Is there a difference between quartz countertops and other materials? Which countertop material is best: Quartz or Granite? Of course, the answer is “It Depends”. After explaining the differences many people prefer Quartz. “Quartz” in context to this discussion is a man-made countertop product more accurately described as “engineered stone”. So with a decision to go with Quartz the next question is: “Is there a difference between Quartz products?” Answer is yes and now we’ll discuss what we know from our experience, our vendors and outside news sources/press releases.
When considering a kitchen or bathroom remodel, think about what is most important to you. Do you prefer achieving the end product by cutting corners to save money OR selecting products that will live up to your expectation? Homeowners and contractors walk hand-in-hand during the remodeling process. Many homeowners rely on the expertise of their contractor to help them make the best decision.
For example, this year has been quite political when it comes to quartz countertops. The U.S. Department of Commerce will be imposing antidumping and countervailing duties on certain Chinese imports. Since 2015, Chinese quartz increased from $167 million to $460 million in 2017. In the first nine months of 2018, this number has grown to be over $526 million. This surge in Chinese quartz has displaced more than $1.2 billion in the U.S. quartz surface products market economy.
Quartz countertops better known as engineered stone have been around since 1963 when the Breton Company in Italy first created the technology used in manufacturing quartz countertops and aptly licensed this process as Bretonstone. Since being introduced to the market, the Bretonstone technology is being licensed to other manufacturers such as Cambria, Caesarstone and Silestone.
Why is quartz displacing granite in the marketplace? Well, quartz countertops are non-porous and sealed during the manufacturing process. This means that bacteria, mold and liquids no longer have a safe haven in or under your countertops. Since this is a man-made product, you have more say in removing imperfections you find when viewing slabs.
An increase in demand has opened the gates for Chinese imports. If the supply is low, dealers have a means to provide product at a cheaper cost. While Chinese and U.S. quartz countertops look similar, there are stark differences that homeowners and contractors need to be aware of: resin pooling, inconsistent material quantities and thicknesses, dye lot inconsistency and potential volatile organic compounds.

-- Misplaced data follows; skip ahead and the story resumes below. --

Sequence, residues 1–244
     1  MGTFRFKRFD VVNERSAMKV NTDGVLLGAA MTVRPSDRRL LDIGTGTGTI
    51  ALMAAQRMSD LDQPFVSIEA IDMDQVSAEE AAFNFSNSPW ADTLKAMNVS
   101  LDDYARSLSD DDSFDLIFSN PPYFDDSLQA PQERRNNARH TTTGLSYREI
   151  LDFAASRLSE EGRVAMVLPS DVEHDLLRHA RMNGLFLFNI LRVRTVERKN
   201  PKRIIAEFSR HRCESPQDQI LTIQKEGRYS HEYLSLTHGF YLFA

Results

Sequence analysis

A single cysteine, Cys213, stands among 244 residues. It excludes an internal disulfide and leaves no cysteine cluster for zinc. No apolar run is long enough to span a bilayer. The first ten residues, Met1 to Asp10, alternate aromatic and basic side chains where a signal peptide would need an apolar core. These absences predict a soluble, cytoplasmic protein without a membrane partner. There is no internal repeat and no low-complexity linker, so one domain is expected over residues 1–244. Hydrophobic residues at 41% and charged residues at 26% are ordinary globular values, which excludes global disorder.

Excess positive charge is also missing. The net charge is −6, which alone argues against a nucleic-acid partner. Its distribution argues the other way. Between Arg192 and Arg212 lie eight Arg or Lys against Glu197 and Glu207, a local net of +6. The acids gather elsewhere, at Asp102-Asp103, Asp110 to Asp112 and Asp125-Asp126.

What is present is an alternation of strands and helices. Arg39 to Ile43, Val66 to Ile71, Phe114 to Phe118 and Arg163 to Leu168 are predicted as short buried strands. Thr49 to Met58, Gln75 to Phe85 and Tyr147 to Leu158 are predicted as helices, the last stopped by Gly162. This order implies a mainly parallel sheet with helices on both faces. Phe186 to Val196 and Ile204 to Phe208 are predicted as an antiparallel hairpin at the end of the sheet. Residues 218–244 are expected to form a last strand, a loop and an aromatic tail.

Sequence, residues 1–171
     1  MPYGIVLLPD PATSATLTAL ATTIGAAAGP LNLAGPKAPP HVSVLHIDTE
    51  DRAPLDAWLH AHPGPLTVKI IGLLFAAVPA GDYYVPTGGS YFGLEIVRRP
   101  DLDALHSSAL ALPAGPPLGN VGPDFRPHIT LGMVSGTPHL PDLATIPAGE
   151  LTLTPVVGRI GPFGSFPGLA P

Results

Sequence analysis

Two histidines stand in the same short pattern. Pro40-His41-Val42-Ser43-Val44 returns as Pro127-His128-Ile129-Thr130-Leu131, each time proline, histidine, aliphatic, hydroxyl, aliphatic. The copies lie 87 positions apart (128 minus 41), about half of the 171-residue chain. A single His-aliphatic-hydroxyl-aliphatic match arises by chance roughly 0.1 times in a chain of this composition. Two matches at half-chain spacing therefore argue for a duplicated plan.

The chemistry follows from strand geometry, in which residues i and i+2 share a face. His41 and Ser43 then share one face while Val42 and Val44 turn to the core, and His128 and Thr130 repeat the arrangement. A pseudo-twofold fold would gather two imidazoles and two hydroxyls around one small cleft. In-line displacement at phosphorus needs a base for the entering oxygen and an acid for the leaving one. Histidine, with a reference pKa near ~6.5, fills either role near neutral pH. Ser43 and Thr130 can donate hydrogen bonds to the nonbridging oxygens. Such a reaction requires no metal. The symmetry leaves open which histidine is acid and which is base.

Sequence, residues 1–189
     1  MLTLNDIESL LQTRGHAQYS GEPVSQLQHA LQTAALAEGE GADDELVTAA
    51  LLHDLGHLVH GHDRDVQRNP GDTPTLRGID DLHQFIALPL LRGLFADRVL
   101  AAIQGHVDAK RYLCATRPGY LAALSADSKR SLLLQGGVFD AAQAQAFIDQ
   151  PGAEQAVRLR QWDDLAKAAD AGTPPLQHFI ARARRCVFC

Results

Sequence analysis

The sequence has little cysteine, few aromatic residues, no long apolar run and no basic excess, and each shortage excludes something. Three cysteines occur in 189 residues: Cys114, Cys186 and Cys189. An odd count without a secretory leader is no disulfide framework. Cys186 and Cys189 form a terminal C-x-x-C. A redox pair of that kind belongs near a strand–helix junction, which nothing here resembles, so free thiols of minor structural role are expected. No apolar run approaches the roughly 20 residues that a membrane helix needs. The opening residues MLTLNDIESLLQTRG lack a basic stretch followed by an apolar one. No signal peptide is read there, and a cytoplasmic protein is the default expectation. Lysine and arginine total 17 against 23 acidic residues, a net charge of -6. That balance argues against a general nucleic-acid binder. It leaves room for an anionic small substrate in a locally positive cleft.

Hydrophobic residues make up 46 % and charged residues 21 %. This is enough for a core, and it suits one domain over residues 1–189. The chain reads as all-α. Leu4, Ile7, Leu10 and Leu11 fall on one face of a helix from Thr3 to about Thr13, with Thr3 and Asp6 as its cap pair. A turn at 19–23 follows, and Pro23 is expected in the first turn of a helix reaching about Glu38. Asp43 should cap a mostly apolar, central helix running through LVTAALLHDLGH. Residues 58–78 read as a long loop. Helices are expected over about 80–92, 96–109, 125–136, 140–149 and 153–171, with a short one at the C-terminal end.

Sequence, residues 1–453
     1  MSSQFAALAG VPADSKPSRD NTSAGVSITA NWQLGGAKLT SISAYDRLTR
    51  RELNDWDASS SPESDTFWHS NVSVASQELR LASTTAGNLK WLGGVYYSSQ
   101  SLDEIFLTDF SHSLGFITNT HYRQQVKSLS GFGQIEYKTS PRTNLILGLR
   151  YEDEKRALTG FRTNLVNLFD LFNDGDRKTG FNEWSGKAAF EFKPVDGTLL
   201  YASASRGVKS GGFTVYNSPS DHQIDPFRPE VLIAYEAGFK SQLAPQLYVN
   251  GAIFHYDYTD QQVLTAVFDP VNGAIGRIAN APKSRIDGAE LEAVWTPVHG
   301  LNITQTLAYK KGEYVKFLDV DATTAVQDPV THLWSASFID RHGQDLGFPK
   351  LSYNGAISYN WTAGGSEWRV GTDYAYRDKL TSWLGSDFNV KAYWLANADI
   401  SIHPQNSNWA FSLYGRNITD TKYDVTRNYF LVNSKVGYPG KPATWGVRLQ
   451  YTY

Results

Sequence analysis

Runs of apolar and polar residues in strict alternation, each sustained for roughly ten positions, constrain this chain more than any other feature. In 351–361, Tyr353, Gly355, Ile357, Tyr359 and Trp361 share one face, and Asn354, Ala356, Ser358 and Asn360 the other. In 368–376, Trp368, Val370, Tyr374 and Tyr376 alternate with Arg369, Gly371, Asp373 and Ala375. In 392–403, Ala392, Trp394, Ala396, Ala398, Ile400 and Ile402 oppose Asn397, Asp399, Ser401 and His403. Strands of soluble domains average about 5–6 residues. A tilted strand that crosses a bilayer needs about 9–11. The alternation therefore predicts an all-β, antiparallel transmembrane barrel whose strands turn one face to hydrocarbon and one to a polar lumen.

What’s the difference?
Keep in mind that quartz countertops are 93% quartz with the remaining 7% being comprised of resin and dyes. If the correct ratios are met, this allows for a consistency in coloring which is unattainable with granite. With resin pooling, large pools of colored resin mar the surface of the counter; this problem is being found largely with Chinese quartz.
U.S. trade laws specify the quartz to resin ratios which all North American manufacturers strictly follow. Some Chinese quartz manufacturers aren’t following that standard. You might have higher quantities of resin or dyes in your imported slab than actual quartz. This can lead to the countertops bending during transport. What can also happen is an inconsistency in slab thickness due to the inadequate ratios. 3cm slabs are the norm in the U.S. but you might not receive that thickness from Chinese imports.
In conjunction with material quantities are dye lot inconsistencies. As mentioned above, homeowners have more say in the color consistency of their quartz slabs. However, if Chinese quartz manufacturers aren’t following U.S. trade laws as to what ratios to use in materials, you can end up purchasing a slab that can quickly change in color and pattern. If there is more resin within the product, this affects the pigmentation of the slab.
Lastly, U.S. trade laws dictate what chemicals can and cannot be used indoors and outdoors. This is to protect homeowners from being exposed to potentially harmful gases and materials that come into contact with food. However, China views volatile organic compounds differently than North America. If you purchase Chinese quartz, there very well could be components for indoor and outdoor use within a slab being installed in your kitchen.
Who is taking action?
Due to the large amount of uncertainties from Chinese quartz, Cambria, a leader in U.S. quartz manufacturing, is fighting to ensure that free trade and fair trade are at the forefront of the U.S. Commerce investigation. Initial findings have concluded that Chinese imports are being dumped into the U.S. which is violating existing trade laws. Therefore, starting in 2018, duties will be enforced on imports that range from 242.10% to 341.29%. While this could spike prices and bring the supply of quartz down, in the long run it is protecting homeowners and contractors.
Remember – you get what you pay for. Be sure you do it right the first time and don’t be afraid to press your contractor with questions.